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One of the Lancet studies reveals that over 9 million people in India still suffer from obstructive airway disease (OAM). With 18% of the world’s population, India ranks 2nd in the world for chronic respiratory diseases. India also contributes 12% of the global asthma burden. But surprisingly, it contributes to 42% of asthma deaths worldwide.

Obstructive airway disease is the umbrella term given to diseases that cause air passage through the lungs to constrict, making it difficult or impossible to breathe. The OAD has been further divided into asthma, bronchiectasis, bronchitis and chronic obstructive pulmonary disease (COPD). Unless they are genetic, ADOs are usually caused by long-term inhalation of contaminants or are part of an allergic reaction.

COPD is the second leading cause of death and disability-adjusted life years (DALYs) in India, but it remains poorly recognized. Ahead of COPD Awareness Month in November, which aims to raise awareness, share knowledge and discuss ways to reduce the burden of COPD, we need to increase the level of COPD awareness in the Indian community which is extremely low, highlighting the need to have national mass outreach expeditions to India.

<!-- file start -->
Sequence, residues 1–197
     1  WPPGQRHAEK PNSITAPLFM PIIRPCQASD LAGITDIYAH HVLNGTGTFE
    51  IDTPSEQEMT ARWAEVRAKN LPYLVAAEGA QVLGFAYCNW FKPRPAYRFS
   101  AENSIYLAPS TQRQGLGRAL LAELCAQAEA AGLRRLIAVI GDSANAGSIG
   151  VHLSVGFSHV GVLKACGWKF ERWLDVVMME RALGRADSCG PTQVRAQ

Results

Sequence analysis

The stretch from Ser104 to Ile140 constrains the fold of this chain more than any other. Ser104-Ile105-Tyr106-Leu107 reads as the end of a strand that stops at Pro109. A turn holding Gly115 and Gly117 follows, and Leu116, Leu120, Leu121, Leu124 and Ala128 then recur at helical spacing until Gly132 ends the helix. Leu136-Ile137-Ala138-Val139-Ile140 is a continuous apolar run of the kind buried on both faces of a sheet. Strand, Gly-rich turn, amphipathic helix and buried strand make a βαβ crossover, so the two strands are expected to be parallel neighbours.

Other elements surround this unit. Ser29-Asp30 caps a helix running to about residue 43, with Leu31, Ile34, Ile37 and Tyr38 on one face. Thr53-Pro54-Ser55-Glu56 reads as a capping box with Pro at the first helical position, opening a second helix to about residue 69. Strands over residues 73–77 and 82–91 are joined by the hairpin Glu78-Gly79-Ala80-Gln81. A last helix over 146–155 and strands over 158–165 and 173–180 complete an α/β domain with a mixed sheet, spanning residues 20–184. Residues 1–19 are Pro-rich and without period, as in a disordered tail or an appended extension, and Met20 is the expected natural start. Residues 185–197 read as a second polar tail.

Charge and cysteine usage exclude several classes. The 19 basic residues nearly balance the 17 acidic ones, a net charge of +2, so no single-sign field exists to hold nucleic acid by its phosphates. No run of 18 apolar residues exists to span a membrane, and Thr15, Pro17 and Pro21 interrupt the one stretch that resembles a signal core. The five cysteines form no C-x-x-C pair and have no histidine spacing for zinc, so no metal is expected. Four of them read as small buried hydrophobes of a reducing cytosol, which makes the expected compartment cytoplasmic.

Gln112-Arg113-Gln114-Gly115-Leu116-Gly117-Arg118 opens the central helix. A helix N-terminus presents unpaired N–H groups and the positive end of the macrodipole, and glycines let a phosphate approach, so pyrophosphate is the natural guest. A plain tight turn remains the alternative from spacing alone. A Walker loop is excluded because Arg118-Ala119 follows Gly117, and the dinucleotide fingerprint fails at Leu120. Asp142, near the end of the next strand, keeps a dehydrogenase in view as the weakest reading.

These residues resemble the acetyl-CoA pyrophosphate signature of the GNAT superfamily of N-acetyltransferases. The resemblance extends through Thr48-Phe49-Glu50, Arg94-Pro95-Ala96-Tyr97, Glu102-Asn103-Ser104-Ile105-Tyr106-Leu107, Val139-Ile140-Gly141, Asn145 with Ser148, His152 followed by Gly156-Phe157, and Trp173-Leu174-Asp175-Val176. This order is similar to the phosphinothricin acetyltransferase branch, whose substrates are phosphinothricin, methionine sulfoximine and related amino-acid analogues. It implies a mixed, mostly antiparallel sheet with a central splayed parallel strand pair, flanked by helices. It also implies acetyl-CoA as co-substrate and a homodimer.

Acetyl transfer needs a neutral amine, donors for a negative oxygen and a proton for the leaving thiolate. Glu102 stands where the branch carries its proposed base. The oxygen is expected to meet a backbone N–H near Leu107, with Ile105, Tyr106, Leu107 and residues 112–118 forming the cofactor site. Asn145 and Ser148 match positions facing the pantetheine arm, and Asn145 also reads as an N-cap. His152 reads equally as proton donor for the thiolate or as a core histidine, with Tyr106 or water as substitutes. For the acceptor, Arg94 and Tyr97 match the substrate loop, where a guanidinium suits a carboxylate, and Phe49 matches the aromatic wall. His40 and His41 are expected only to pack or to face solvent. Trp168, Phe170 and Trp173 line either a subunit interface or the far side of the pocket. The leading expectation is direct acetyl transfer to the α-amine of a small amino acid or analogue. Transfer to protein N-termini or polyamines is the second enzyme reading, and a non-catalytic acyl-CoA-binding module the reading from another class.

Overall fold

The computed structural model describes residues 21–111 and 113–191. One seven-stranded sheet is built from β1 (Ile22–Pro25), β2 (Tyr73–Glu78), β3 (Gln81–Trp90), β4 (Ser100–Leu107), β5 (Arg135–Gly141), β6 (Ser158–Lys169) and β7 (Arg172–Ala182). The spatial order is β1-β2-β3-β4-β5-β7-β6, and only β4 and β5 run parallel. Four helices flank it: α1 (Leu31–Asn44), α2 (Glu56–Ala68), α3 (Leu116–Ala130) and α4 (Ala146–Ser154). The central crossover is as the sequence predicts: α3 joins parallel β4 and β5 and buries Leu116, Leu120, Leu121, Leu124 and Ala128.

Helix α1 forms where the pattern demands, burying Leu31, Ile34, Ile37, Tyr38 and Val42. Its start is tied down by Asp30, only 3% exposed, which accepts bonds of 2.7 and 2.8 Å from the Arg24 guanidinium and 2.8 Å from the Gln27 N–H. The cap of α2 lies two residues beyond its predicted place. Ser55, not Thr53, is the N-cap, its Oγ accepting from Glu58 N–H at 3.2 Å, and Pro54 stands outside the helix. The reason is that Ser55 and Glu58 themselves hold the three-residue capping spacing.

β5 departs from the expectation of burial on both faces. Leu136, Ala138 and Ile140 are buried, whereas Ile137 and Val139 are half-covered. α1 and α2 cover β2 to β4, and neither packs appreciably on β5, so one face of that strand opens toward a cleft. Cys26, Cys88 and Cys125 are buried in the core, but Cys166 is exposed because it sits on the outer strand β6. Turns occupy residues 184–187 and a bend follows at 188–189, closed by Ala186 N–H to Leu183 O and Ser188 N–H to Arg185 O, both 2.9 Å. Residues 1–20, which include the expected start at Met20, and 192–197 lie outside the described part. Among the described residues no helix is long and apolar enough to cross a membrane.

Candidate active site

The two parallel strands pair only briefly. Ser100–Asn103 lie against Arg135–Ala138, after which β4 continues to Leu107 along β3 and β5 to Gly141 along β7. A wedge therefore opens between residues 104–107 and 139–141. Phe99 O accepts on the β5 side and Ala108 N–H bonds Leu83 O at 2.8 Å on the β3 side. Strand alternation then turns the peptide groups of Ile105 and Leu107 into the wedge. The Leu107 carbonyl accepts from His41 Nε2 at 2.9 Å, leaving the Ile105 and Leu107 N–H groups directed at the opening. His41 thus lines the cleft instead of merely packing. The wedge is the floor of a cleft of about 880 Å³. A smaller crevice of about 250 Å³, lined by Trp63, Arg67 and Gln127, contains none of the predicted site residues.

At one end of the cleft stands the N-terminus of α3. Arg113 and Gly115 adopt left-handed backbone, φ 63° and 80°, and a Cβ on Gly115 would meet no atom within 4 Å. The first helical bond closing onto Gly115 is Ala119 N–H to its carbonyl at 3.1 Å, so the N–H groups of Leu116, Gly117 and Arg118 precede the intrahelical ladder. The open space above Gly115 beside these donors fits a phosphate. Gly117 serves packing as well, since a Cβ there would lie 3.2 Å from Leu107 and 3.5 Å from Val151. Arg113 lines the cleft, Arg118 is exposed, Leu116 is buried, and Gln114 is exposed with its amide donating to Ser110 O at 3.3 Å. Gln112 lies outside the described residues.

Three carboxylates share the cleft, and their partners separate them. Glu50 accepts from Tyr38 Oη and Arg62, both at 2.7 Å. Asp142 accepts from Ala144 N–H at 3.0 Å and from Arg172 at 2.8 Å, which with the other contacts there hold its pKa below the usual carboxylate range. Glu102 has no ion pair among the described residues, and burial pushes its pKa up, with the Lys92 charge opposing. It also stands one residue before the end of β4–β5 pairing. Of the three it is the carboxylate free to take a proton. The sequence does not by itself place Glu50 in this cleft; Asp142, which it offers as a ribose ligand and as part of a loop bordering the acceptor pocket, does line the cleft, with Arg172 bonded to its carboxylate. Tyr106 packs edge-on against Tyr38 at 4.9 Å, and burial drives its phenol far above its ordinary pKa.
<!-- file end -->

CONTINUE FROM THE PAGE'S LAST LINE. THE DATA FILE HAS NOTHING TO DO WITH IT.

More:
Stressing the need for immediate corrective action, Dr Sundeep Salvi, director of the Chest Research Foundation (CRF), Pune, said: “If India is to reduce the growing burden of obstructive airway disease OAD in the country, we need nothing less than a respiratory revolution. and this will only be possible through a concerted national effort and appropriate political decisions in the form of a national ADO prevention and control program. India should be aware of this threat and use the steps taken by the central government to tackle this latent threat before it gets out of hand.

The exact mechanisms by which systemic effects occur are unclear, but there is enough evidence to indicate that damaged lung function also has a major impact on the functioning of other major organs. Heart problems, high blood pressure, muscle weight loss, nutritional imbalance, and depression are some of the risks that patients with OAD are prone to. Medication can help relieve symptoms and comorbidities that develop as a result of ADO. However, the best way to curb the consequences of airway obstruction is early diagnosis and prevention.

Since most cases are the result of an inadequate respiratory environment, ADOs can be largely kept at bay by avoiding regular exposure to dust, smoke (yes, cigarette smoke too), vapors and other types of pollutants. In the event of occupational exposure, appropriate protective equipment and face shields should be worn to prevent inhalation of contaminants.

With the right approach and swift action, we can effectively fight OAD to bring down a significant number of cases.


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